When Valle and Sanchez-Galen took the stand, speaking of the violence they had witnessed in their home country of El Salvador, members of the jury were moved to tears. Valle, employed as a driver back home, witnessed such intense harassment of his father and sister that both were eventually driven to commit suicide; Valle himself was targeted by a deathsquad and only narrowly escaped. Sanchez-Galen, a practical nurse before she fled, told the jury about the atrocities she had seen — including one story of a female relative horrifically killed while six months pregnant.

“People in Germany said they did not know,” said Christic Institute president and chief counsel Daniel Sheehan, comparing the atrocities in Central America to Holocaust Germany. “We know what is happening in El Salvador. We know what awaits these people. We cannot say we don’t know.”

Stories like Valle’s and Sanchez-Galen’s were, unfortunately, not uncommon, and news of the humanitarian crisis caused the interfaith community to take direct action. Calling upon the ancient theological tenet of “sanctuary,” many Christian faith leaders believed that it was their moral imperative to treat foreigners with the dignity, love, and respect called for in the Bible. Bishop John Joseph Fitzgerald, founder of the Casa Oscar Romero safe house named after our organization’s namesake, Archbishop Oscar Romero, in San Benito, Texas, supported Merkt along with a group of other interfaith leaders across the country. The director of the safe house, Jack Elder, was later convicted alongside Merkt in a later case. The house helped more than 700 refugees from 1982-1984.

Left to right: Valle, Merkt, Galen-Sanchez, her daughter, and Sheehan

In his closing statements, Sheehan reflected on the theological and historical importance of the case and the asylum question in general. Telling the story of Herod in the Bible, he asked members of the prosecution and jury if any would “attempt to deport” Jesus, Joseph, and Mary away as they fled the king’s infamous infanticide under the cover of night. “Go back to the jury room, find your Bible, find your gospel,” he said.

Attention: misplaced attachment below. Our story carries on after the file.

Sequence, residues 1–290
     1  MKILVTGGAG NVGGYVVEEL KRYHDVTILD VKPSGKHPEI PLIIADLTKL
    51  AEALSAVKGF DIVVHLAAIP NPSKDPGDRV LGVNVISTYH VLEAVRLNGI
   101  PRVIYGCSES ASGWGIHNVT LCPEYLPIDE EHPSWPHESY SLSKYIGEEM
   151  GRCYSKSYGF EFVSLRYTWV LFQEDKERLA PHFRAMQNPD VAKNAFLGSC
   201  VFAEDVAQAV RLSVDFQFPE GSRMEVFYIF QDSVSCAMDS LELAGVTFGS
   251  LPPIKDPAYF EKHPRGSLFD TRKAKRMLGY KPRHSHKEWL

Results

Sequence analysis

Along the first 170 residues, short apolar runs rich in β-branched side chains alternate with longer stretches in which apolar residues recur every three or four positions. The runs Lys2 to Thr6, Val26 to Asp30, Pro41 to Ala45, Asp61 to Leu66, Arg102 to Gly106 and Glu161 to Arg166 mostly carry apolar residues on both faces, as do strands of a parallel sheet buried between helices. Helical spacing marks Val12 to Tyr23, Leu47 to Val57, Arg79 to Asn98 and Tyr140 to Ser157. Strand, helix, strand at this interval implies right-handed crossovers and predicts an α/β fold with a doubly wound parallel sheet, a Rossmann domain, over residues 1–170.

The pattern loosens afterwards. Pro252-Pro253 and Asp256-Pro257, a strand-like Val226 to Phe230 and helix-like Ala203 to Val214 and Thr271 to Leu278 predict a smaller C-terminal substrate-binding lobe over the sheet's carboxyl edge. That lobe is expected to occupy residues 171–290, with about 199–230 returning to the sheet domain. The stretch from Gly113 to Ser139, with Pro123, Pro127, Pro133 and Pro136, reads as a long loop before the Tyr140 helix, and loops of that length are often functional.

Sheehan cited the tenets of the gospel of Matthew, pressing the religious significance of the case. “We are not asking people to violate the law in this case. Do not mistake us,” he said. “But our people of the Church of this land, if it becomes necessary, will provide the shelter, will provide the sanctuary, will provide the food.”

The biblical allegories made in Merkt’s defense were not far fetched then, and they are not today. Despite the fact that the Merkt was convicted and sentenced to 179 days in jail, her story continues to echo in the hearts of interfaith leaders and immigration activists alike.

When she surrendered herself to a federal prison while two months pregnant, she is said to have told the supporters with her, “Take risks and do it for justice.”

In the midst of the current immigration crisis, organizations exist which have drawn from Sanctuary principles, saying they are a part of a resurgence. More than 1,100 congregations have pledged to provide sanctuary to those whom the U.S. government seeks to deport.

“Sanctuary means a commitment,” writes Rev. Deborah Lee of the Interfaith Movement of Human Integrity in an op-ed. “A covenant to those who are vulnerable and under attack — whatever happens, we will walk with you.”

Photo by Iryna Yafimchyk for Working Families

Supplementary reading

The first vindicating argument in the American Sanctuary Movement came from Christic’s defense of Catholic workers who provided sanctuary for refugees seeking political asylum. (U.S. v. Stacey Lynn Merkt, et al.)